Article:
City Council Report
City Council Meeting: February 22, 2011
Agenda Item: 8-B
To: Mayor and City Council
Subject: Proposed Phase I Visioning Process of Future of Santa Monica Airport
Staff Recommends that the City Council:
The future of the Airport is one of the most important decisions facing the City. This report proposes a course of action that will lead to the development of an inclusive public process to facilitate the visioning of the Airport’s role within the community. Staff proposes a comprehensive three-phased process for the development of the essential data and public dialogue to accomplish this goal. The Phase I work plan will include an analysis of best practices regarding general aviation facilities and sites in relationship to local communities and corresponding potential alternative designs or uses. It will include a financial analysis of the Airport’s economic impact. It will also feature stakeholder interviews and the development of the format and materials for a comprehensive public process of workshops that will constitute Phase II. In Phase III, the studies from Phase I and the results of the public dialogue from Phase II will be presented to the City Council for consideration of potential policies and actions regarding the future of the Airport.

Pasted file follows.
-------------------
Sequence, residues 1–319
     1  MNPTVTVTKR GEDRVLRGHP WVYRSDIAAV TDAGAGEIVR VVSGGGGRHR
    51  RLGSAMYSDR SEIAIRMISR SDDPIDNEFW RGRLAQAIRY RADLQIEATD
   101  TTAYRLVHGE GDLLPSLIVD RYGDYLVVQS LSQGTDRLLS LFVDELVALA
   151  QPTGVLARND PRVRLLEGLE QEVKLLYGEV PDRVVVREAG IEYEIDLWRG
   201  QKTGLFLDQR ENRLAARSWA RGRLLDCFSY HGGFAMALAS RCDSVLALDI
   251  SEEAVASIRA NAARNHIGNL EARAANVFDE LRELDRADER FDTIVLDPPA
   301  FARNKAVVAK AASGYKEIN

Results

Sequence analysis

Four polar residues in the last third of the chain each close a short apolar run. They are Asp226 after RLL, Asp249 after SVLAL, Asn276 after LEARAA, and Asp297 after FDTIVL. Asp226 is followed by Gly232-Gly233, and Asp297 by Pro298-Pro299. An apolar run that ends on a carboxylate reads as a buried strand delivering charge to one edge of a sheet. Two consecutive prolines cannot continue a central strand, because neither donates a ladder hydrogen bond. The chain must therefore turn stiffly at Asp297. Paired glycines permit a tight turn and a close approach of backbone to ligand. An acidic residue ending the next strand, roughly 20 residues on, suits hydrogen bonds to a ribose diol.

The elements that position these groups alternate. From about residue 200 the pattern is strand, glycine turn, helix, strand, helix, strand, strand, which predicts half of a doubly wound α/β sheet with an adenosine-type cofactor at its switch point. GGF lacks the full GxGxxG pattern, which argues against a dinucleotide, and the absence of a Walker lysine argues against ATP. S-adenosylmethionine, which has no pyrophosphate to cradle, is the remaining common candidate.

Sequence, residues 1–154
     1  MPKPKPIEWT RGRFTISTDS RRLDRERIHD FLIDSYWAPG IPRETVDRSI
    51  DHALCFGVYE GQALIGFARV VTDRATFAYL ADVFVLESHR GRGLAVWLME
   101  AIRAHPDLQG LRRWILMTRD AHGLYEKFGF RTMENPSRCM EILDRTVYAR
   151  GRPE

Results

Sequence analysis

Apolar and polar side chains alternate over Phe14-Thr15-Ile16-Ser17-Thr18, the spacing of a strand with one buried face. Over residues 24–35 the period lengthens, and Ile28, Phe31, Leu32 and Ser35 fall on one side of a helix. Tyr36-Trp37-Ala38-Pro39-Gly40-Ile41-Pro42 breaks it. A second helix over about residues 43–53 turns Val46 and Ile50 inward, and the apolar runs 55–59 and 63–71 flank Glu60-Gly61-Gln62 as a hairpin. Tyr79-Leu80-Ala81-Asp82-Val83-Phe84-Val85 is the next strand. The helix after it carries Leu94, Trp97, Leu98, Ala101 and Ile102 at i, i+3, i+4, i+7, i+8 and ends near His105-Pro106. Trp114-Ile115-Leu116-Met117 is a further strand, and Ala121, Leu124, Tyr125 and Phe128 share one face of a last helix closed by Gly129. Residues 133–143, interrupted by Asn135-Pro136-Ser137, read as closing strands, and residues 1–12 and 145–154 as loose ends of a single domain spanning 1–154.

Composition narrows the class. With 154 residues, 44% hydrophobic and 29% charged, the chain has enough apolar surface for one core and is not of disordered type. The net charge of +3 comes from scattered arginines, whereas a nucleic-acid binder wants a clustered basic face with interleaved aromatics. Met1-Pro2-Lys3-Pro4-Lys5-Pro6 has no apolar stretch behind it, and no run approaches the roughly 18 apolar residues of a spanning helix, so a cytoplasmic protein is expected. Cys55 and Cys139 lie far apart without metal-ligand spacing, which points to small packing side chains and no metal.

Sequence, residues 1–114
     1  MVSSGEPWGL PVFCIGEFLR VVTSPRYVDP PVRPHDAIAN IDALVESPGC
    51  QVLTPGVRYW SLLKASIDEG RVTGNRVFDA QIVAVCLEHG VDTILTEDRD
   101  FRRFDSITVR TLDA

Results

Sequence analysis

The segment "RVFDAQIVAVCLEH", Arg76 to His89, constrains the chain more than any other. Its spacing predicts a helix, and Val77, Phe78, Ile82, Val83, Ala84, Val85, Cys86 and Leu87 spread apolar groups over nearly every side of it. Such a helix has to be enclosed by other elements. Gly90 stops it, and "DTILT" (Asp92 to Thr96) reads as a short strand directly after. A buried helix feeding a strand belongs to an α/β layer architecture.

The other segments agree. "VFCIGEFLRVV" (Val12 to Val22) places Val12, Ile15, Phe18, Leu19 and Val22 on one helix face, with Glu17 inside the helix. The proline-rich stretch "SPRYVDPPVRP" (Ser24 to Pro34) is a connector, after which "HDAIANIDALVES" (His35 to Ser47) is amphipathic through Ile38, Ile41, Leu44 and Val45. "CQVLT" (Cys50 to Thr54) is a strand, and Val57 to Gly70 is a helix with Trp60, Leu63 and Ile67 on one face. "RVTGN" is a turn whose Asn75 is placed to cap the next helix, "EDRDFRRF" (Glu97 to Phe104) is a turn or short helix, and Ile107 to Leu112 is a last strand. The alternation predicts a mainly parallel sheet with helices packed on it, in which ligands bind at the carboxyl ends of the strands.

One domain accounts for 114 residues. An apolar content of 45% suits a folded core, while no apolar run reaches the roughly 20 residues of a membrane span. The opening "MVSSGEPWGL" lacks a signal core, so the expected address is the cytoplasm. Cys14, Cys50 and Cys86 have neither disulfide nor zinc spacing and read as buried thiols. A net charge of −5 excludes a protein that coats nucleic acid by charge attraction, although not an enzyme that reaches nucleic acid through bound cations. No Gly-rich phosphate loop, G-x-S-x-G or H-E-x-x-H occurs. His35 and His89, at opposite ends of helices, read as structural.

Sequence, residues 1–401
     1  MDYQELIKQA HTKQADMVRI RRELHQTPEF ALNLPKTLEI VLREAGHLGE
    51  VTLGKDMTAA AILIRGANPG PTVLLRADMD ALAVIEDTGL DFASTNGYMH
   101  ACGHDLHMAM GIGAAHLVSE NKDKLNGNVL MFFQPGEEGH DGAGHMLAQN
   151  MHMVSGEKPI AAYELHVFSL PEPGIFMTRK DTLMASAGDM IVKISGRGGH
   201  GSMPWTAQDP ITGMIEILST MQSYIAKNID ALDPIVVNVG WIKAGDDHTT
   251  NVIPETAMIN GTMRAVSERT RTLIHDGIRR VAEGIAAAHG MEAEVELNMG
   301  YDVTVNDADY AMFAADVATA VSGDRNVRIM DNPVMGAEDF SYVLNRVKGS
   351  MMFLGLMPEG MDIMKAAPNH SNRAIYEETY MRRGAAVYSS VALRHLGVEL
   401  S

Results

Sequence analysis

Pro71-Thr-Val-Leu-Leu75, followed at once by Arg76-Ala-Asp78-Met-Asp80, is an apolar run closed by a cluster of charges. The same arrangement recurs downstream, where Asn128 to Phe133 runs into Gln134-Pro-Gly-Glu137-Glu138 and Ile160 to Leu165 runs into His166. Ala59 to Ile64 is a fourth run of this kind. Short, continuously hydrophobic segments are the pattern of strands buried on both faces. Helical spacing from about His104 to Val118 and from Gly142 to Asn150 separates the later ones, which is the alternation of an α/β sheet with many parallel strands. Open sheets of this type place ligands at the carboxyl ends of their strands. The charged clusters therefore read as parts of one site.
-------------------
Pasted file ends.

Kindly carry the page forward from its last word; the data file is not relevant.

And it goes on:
On December 14, 2010, City Council authorized the City Manager to negotiate and execute professional services agreements with The Rand Corporation and PointC to formulate and manage an extensive community process regarding the full range of possibilities for the future of the Airport. A key component of the process is the understanding of the Airport’s economic impact on the local and regional economy.
HR&A Advisors was identified to analyze the general economic and fiscal impacts of the current operation of Santa Monica Airport because of its extensive experience providing economic and fiscal analysis of large and complex development projects, as well as other city planning initiatives and policies. The firm’s body of work includes the regional and local economic impacts analysis of alternatives to redevelop Los Angeles International Airport. The firm also conducted similar analysis for the O’Hare Modernization Program in Chicago and on existing and alternative future operation of San Diego International Airport. The estimated cost of the proposed work is $79,750.00.